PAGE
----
# Current and charges conserved in Klein Gordon equation. What are the links between them?

When we deal with the Klein Gordon Lagrangian, we can find some conserved quantities.

For example, we remark that under a space time translation $a^\mu$ we can find that the quantity: $a_\rho T^{\mu \rho}$ is a conserved current where $T^{\mu \rho}$ is the energy impulsion tensor.

That means that $\partial_\mu (a_\rho T^{\mu \rho})$.

My questions:

First question:

In fact we can show that $\partial_\mu T^{\mu \rho}=0$. Could we have guess it without explicitely calculating this quantity? I mean is it obvious that if the 4-current conserved is $a_\rho T^{\mu \rho}$ then $\partial_\mu T^{\mu \rho}=0$?

 By asking the question I just thought it could be because $a_\rho \partial_\mu T^{\mu \rho}=0$ is true for any, $a$ thus $\partial_\mu T^{\mu \rho}=0$. Am I right?

Second question:

We also can prove that there are charged conserved associated with this symmetry.

For example we have : $P_\mu = \int_{\mathbb{R}^3} d^3x T_{0 \mu}$ that is a conserved charged (it means that $\frac{d P_\mu}{dt}=0$).

It is almost the same question : could we have immediately guess from the conserved current that we would have this conserved charge ?

Is it because as the fields go to zero at infinity, $\int div(\vec{j}) d^3x=0$ and as $\frac{\partial j^0 }{\partial t}=div(\vec{j})$, we have $\int \frac{\partial j^0}{\partial t} d^3x$

So because the field go to zero at infinity we immediately deduce a conserved charge when we have a conserved 4-current?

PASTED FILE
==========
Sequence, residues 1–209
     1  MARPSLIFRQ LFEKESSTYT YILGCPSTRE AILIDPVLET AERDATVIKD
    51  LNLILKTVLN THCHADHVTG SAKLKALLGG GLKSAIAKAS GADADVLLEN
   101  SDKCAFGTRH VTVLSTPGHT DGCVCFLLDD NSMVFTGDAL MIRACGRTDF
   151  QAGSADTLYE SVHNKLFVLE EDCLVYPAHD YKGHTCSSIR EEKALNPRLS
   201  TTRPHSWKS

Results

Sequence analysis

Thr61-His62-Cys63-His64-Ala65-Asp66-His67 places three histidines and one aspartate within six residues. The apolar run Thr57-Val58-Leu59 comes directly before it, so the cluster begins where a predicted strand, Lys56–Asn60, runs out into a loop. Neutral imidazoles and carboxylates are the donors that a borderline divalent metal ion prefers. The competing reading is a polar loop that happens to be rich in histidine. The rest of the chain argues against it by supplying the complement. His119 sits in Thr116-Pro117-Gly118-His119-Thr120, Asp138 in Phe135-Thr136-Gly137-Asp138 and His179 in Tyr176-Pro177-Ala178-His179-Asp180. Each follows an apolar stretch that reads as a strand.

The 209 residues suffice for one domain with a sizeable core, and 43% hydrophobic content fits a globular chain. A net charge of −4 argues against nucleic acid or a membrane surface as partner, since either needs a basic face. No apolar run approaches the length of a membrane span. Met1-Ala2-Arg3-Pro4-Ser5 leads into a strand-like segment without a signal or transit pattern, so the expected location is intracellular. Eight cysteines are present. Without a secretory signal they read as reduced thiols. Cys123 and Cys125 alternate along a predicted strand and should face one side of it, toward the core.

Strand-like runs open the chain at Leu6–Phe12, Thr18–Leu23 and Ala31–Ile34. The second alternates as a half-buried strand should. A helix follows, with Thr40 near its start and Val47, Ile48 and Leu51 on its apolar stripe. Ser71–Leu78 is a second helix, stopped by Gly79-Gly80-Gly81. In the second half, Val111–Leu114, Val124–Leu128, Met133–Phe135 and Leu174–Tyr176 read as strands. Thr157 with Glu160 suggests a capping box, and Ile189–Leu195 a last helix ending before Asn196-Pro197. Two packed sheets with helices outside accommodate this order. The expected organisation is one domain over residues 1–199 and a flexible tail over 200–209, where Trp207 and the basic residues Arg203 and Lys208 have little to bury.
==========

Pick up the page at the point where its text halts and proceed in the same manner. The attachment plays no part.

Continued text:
: In fact I don't think it is that obvious as we have the fields $\phi$ that goes to zero at infinity but not necessarily the spatial part of the $4$-current conserved in a general case. Am I right?

• Yes, you are absolutely right. Please mark the end of your questions with a single question mark instead of three. – Prof. Legolasov Apr 19 '17 at 0:07
• Thank you for your comment. So just to be sure : having a conserved 4-current doesn't ensure me to have a conserved charge. It is very often the case but we could imagine case where it is not (for example if $\vec{j}$ contains other terms than $\phi(x)$ or $\pi(x)$). – StarBucK Apr 19 '17 at 0:17
• Generally, for each region $\mathcal{R}$ bounded by the closed surface $\partial\mathcal{R}=\Sigma$ you have $\frac{d}{dt} Q_{\mathcal{R}} = - \intop_{\Sigma} \vec{j} \cdot \vec{d\sigma}$. This is the general form of the charge conservation law. $Q$ is conserved globally for the whole space only if the appropriate boundary conditions are satisfied. – Prof. Legolasov Apr 19 '17 at 0:24